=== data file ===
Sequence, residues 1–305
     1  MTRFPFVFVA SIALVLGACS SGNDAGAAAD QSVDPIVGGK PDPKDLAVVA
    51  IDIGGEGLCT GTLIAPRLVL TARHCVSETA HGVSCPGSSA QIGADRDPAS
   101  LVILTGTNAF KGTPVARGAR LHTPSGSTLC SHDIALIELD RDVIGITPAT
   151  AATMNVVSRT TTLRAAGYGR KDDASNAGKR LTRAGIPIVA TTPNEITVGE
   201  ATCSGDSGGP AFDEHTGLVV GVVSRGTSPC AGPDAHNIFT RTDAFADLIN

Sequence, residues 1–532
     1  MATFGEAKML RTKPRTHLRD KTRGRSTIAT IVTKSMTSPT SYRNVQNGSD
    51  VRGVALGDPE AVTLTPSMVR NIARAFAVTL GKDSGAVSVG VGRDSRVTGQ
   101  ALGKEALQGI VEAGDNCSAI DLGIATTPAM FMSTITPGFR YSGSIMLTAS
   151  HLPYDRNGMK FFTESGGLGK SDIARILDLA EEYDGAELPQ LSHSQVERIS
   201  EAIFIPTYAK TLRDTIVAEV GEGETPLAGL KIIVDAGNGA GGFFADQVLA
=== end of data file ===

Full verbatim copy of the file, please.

Sequence, residues 1–305
     1  MTRFPFVFVA SIALVLGACS SGNDAGAAAD QSVDPIVGGK PDPKDLAVVA
    51  IDIGGEGLCT GTLIAPRLVL TARHCVSETA HGVSCPGSSA QIGADRDPAS
   101  LVILTGTNAF KGTPVARGAR LHTPSGSTLC SHDIALIELD RDVIGITPAT
   151  AATMNVVSRT TTLRAAGYGR KDDASNAGKR LTRAGIPIVA TTPNEITVGE
   201  ATCSGDSGGP AFDEHTGLVV GVVSRGTSPC AGPDAHNIFT RTDAFADLIN

Sequence, residues 1–532
     1  MATFGEAKML RTKPRTHLRD KTRGRSTIAT IVTKSMTSPT SYRNVQNGSD
    51  VRGVALGDPE AVTLTPSMVR NIARAFAVTL GKDSGAVSVG VGRDSRVTGQ
   101  ALGKEALQGI VEAGDNCSAI DLGIATTPAM FMSTITPGFR YSGSIMLTAS
   151  HLPYDRNGMK FFTESGGLGK SDIARILDLA EEYDGAELPQ LSHSQVERIS
   201  EAIFIPTYAK TLRDTIVAEV GEGETPLAGL KIIVDAGNGA GGFFADQVLA